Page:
E - At the crest, the M5 is pulling 1.05g, a significant 0.10g more than the CTS-V. This allowed the BMW to open up a big gap. Here, even though the M5 feels stable, the CTS-V isnít afraid to yaw, and requires its driver to keep hands at the ready for when it does.

F - With similar speeds down the straight, itís no surprise that braking is important. The nod here goes to the CTS-V with more predictable braking manners. The decreasing-radius turn that follows is notoriously unfriendly to a car that understeers. The M5 requires its driver to be painfully patient, while the CTS-V can get on the gas much earlier. But the grip of the M5 keeps the fight close, only yielding a hundredth of second.

G - The CTS-V is able to eke out an extra 2.5 mph down the short chute thanks to its advantage in segment F. When it gets to the tight left, though, the BMW pulls a surprisingly high 1.11g, which is again 0.10g higher than the CTS-V. Are we sensing a pattern here?

H - Just as these cars have different levels of grip, they also require different racing lines. The CTS-V prefers the tighter line, with emphasis on its ability to shorten distances with tidy steering. The M5 is all about opening up a corner and late apexing. Patience is hugely rewarded once the go pedal hits the floor.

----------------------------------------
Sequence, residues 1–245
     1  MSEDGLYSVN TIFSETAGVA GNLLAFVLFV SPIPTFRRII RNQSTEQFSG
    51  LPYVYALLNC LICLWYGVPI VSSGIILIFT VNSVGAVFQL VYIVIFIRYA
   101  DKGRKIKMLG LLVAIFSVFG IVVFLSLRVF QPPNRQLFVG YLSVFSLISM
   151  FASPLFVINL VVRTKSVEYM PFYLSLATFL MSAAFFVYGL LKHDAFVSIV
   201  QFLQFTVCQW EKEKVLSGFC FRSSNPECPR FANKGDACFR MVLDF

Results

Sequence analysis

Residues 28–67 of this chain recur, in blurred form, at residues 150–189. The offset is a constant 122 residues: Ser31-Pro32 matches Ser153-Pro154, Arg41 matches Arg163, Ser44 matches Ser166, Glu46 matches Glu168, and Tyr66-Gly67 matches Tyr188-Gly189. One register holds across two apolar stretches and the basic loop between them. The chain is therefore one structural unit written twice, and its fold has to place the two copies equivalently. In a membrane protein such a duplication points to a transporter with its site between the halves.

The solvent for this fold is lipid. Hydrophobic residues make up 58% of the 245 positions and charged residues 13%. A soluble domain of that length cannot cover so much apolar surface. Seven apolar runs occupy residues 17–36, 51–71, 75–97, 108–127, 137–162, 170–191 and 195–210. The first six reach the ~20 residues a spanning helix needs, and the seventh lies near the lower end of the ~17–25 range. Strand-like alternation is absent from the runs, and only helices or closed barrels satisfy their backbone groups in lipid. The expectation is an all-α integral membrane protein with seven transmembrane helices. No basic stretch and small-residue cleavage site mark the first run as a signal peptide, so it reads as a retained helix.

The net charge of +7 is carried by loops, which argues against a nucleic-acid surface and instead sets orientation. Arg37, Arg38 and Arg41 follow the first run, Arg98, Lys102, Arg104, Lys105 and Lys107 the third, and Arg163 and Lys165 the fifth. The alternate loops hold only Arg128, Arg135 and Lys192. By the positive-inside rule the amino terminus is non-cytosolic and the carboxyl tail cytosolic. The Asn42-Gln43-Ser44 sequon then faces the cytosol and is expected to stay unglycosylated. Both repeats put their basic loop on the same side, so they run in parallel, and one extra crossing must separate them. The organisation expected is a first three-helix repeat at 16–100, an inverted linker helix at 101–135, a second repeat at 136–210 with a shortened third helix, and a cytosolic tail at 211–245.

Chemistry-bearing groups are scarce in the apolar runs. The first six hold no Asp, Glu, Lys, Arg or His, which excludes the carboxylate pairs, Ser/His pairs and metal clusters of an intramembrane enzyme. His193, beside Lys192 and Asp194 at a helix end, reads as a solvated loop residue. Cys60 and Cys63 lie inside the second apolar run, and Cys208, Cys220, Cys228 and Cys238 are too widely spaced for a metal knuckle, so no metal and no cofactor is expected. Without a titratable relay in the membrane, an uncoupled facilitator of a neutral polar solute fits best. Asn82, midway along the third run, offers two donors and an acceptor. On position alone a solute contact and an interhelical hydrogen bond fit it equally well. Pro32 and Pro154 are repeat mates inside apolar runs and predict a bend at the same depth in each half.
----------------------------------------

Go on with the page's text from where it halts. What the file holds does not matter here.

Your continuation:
I - The tighter corner doesnít favor the M5ís extra grip as much as weíd have thought. It has only a 0.03g advantage, and that lets the CTS-V keep pace.

J - The Cadillac navigates this high-speed right-hander better than the M5, but canít keep the lead due to the overwhelmingly wide torque curve of the M5. The BMW just pulls amazingly hard from any rpm.

In My Opinion

On the track, the Cadillac CTS-V hits all the right notesógood power, livelier chassis and steering feel. That is until you look at the lap times and realize that the BMW M5 is much faster, and achieves that speed in a more civilized manner. This is even more evident on the road, where the M5ís ride is daily-commute friendly and the CTS-V beats you up a bit. My overall pick goes to the M5.
óPatrick Hong
Executive Editor



The M5 is the best-handling 7 Series BMW has ever made. Yeah, I know itís a 5 Series, but itís just so big, and soft, and comfortable and stomping fast. Itís high-performance luxury at its pinnacle, and for that reason Iíll take the CTS-V. Itís a sports sedan like the previous-generation BMW M5, where driver interaction and enjoyment take precedence over passenger comfort and isolation.
óShaun Bailey
Associate Engineering Editor
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Old 06-25-2012, 04:00 PM
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M5


Wow is all I can say
Thanks for posting and confirming M5 on top!!!
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Old 06-25-2012, 07:54 PM
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I see a test drive in my future.


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Old 06-27-2012, 06:22 PM
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I am starting to have somewhat of a bag of mixed feelings about the M5. The Car and Driver article really put it in perspective.

The new M5 has radically departed from the previous high-strung V10 M5. Almost too much. Too much into the luxury and comfort direction.

Don't know... Might have to go the M3 route. Or maybe 911 turbo